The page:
[D] Kukufeldia tilgatensis [sG] [T]
McDonald, Barrett & Chapman, 2010
Cretaceous Early Valanginian
Ornithischia Ornithopoda Iguanodontia
Grinstead Clay Member, Tunbridge Wells Sand Formation, Wealden Group, quarry at Whiteman’s Green, Cuckfield, West Sussex, England
A nearly complete right dentary originally noted by Mantell in 1848 is redescribed. The specimen, NHMUK 28660, was discovered in a quarry near Cuckfield, West Sussex, from the same formation as the original teeth of Iguanodon anglicus. Fresh examination reveals that NHMUK 28660 exhibits a single autapomorphy (a row of foramina extending from the ventral surface of the symphysis onto the lateral surface of the dentary) and a unique combination of characters that distinguish it from all other iguanodontian dentaries. In light of this and because I. anglicus is regarded as a nomen dubium to which additional material cannot be unambiguously referred, NHMUK 28660 is made the holotype of the new genus and species Kukufeldia tilgatensis.
NHMUK 28660, a nearly complete right dentary.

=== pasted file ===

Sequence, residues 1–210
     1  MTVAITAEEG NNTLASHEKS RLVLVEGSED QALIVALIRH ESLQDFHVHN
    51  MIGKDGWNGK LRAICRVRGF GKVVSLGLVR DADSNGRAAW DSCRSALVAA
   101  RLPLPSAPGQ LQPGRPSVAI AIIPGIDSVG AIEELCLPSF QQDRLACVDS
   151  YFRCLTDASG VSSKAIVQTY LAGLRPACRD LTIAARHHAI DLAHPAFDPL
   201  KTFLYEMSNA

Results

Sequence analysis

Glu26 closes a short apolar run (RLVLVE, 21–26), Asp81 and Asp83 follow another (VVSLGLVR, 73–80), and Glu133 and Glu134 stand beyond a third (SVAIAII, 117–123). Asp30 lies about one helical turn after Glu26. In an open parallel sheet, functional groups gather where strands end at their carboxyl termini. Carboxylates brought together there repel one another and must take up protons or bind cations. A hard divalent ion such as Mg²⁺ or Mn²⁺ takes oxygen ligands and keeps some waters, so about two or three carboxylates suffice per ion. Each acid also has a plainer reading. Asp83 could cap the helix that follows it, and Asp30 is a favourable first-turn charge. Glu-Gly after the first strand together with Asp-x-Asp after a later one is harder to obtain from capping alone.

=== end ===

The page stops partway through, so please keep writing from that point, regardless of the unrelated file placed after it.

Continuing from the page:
Etymology. The generic name is derived from Kukufeld, an Old English name for the village of Cuckfield, near which the holotype was found; the gender of the generic name is feminine. The specific designation combines the name of Tilgate Forest, the region in which many of Mantell’s fossils were obtained, with the Latin ending -ensis (from).
Locality and Horizon
A quarry at Whiteman’s Green, Cuckfield, West Sussex. The beds once exposed in the quarry, which is not extant, belong to the Grinstead Clay Member, Tunbridge Wells Sand Formation, Wealden Group, middle–upper Valanginian (~137–136 Ma) (Allen & Wimbledon 1991; Gallois & Worssam 1993; Radley 2004; Rawson 2006; Gradstein et al. 2008). The stratigraphic nomenclature used herein is that of the British Geological Survey Lexicon of Named Rock Units (http://www.bgs.ac.uk/lexicon/home.cfm).
Diagnosis of genus and species by monotypy
Iguanodontian distinguished by a single autapomorphy: row of four foramina extending dorsolaterally from the ventral surface of the symphyseal region to the lateral surface of the dentary and meeting another row of foramina ventral to the predentary groove. Also diagnosed by the following unique combination of features: tooth alveoli shaped by dentary teeth; vertical, rostrally expanded coronoid process; straight rostral ramus of dentary.